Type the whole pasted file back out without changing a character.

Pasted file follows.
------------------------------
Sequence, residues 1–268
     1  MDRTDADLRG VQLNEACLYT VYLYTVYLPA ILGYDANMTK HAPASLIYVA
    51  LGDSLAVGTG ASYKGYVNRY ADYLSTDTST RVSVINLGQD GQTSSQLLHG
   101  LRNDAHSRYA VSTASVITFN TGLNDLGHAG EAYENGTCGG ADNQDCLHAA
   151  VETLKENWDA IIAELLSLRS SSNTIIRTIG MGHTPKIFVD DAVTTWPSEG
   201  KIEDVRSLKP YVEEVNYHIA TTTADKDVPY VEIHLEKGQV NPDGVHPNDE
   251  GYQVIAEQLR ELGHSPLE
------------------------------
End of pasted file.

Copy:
Sequence, residues 1–268
     1  MDRTDADLRG VQLNEACLYT VYLYTVYLPA ILGYDANMTK HAPASLIYVA
    51  LGDSLAVGTG ASYKGYVNRY ADYLSTDTST RVSVINLGQD GQTSSQLLHG
   101  LRNDAHSRYA VSTASVITFN TGLNDLGHAG EAYENGTCGG ADNQDCLHAA
   151  VETLKENWDA IIAELLSLRS SSNTIIRTIG MGHTPKIFVD DAVTTWPSEG
   201  KIEDVRSLKP YVEEVNYHIA TTTADKDVPY VEIHLEKGQV NPDGVHPNDE
   251  GYQVIAEQLR ELGHSPLE